In the verdant, rolling hills of Giresun near the Black Sea, a Roman general is believed to have discovered what would eventually become one of modern-day Turkey’s agricultural crown jewels: the cherry.

The general, named Lucius Licinius Lucullus, enjoyed the delicate, wine-hued fruit so much that when he returned to Italy, he took cherry trees with him, according to the Turkish Ministry of Culture and Tourism. In a way, the event, about six decades before the birth of Christ, marked the first cherry export in recorded history.

Today, Turkey leads the world in cherry production. Fresh cherry exports from the country trail closely behind that of the U.S. — the world’s second biggest cherry exporter, according to International Trade Map statistics.

The production value of fresh sweet cherries in 2018 was $380.5 million and $67.7 million for fresh sour cherries, according to the Turkish Statistical Institute.

Some 207,783 acres are planted to sweet cherry trees and 53,683 acres are planted to sour cherry trees.

During the same period, Turkey exported 168.2 million pounds of fresh cherries, worth about $161.5 million, according to the institute.

The institute does not track the export of dried cherries, a spokesperson said.

With its prolific harvest and lower-value currency — the Turkish lira — Turkey poses an increasing competitive threat to the U.S. and the No. 1 cherry exporter, Chile.

In the past couple of years, the Turkish lira’s value has plunged. A U.S. dollar was worth approximately 5 1/2 Turkish liras at press time. The disparity in value between the two currencies, combined with a recent agricultural subsidy program in Turkey, means that Turkish exporters can offer lower prices for their bounty of cherries.

Adding to their edge, Turkish exporters this year gained access to the Chinese market mid-season, presenting a formidable rival to U.S. producers and exporters, who alongside others from several other approved countries, supply cherries to the Asian country of 1.4 billion people.

China leads the world in cherry imports, importing $1.3 billion in cherries in 2018, according to International Trade Map.

Turkey gained access to the Chinese market in 2017, but exports to China were minimal due to an export protocol that prevented the cherries from staying fresh long enough for delivery and sale.

Mid-season this year, Chinese authorities approved a new fumigation protocol under which Turkish exporters could successfully export cherries in good condition. The first exports under the new protocol started at the end of June, said Gökay Celikli of the Aegean Fresh Fruits and Vegetables Exporters’ Association.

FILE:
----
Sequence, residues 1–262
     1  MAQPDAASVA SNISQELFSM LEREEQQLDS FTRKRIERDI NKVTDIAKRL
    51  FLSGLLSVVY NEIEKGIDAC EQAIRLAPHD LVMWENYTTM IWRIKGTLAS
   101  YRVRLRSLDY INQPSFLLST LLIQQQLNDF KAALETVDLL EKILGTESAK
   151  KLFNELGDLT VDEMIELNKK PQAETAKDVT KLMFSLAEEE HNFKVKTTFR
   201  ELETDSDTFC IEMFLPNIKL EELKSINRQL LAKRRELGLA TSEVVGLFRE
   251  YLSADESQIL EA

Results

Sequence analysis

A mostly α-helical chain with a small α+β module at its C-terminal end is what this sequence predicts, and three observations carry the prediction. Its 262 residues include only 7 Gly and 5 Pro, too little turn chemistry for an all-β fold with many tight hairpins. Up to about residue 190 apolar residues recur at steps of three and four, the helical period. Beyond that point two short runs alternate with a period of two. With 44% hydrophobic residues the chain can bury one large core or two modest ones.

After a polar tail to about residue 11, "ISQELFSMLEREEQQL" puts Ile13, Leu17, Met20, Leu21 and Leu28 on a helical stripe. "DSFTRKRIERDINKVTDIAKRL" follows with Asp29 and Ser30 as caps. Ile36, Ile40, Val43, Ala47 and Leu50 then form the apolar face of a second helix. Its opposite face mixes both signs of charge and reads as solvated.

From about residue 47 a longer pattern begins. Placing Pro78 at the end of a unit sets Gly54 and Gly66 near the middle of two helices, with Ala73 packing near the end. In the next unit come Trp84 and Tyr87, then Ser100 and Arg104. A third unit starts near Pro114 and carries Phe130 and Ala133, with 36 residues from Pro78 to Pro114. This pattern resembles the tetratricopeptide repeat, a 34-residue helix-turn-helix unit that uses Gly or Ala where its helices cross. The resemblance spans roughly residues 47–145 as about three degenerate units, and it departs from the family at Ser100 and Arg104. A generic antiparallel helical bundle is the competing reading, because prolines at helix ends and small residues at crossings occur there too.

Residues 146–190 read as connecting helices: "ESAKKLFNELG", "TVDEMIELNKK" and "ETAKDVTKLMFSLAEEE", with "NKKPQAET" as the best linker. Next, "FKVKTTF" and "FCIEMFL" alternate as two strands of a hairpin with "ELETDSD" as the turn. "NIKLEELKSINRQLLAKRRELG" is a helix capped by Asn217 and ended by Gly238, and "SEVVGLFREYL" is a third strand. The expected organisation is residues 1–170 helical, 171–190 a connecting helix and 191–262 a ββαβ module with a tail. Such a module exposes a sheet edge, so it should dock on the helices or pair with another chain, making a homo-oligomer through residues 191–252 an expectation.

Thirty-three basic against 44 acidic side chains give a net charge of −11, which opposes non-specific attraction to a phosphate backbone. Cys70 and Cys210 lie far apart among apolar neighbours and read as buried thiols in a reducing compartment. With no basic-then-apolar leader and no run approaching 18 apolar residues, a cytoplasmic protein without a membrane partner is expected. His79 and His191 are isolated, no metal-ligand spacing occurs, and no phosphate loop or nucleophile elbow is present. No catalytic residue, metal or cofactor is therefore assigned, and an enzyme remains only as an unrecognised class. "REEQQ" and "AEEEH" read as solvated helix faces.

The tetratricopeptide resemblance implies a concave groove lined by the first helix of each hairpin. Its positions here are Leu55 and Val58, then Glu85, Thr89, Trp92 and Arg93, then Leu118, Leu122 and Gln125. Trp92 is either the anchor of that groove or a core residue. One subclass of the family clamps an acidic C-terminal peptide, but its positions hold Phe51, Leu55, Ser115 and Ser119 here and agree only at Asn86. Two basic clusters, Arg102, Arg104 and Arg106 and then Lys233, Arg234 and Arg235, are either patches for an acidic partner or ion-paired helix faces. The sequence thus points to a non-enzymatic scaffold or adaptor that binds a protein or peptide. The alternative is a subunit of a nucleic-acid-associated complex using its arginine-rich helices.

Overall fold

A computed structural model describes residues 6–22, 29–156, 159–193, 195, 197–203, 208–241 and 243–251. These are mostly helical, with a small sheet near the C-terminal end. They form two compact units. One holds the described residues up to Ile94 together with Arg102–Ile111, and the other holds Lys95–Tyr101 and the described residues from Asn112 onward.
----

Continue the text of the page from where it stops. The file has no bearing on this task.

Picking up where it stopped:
This year so far, Turkish cherry exporters sent approximately 1.32 million pounds of cherries worth $1.38 million to China and 3.3 million pounds worth nearly $3.4 million to Hong Kong, according to preliminary estimates by the Fresh Fruits and Vegetables Exporters’ Association, which is under the umbrella of the Mediterranean Exporters’ Association.

Turkey’s total fresh cherry exports so far this year were 174.7 million pounds valued at $182.3 million, according to the exporters’ association.

Celikli said exporters are looking forward to 2020, when they expect to export even more cherries to China.

“In 2020, at the full season, China will be an important market for Turkey,” he wrote in an email to the Capital Press.

Cherries are native to Anatolia, present-day Turkey. When occupying Roman forces took over Giresun around 63 B.C., they called the settlement “Cerasus,” from which the English word, “cherry” and the Turkish term for the stone fruit, “kiraz,” originated, according to Encyclopedia Brittanica.

The town is still known as the “homeland of cherries.” Even as other regions of Turkey have taken over cherry production and exports, the locals in Giresun still pick and sell wild cherries (“taflan” in Turkish and also known as cherry or English “laurel”), which are native to the region, said Istanbul journalist Engin Esen, whose wife’s family owns a hazelnut farm in Giresun. Wild cherries grow on their property.

Those were most likely the type of cherries Lucullus encountered and exported to Italy.

The Roman general spent his retirement building a sumptuous public park in Rome in the style of gardens he had encountered during his military service in Mesopotamia and Persia and planted it to cherry trees, according to the Journal of Ancient Numismatics.

Rome’s Villa Borghese gardens, part of a museum, now cover the former public park.

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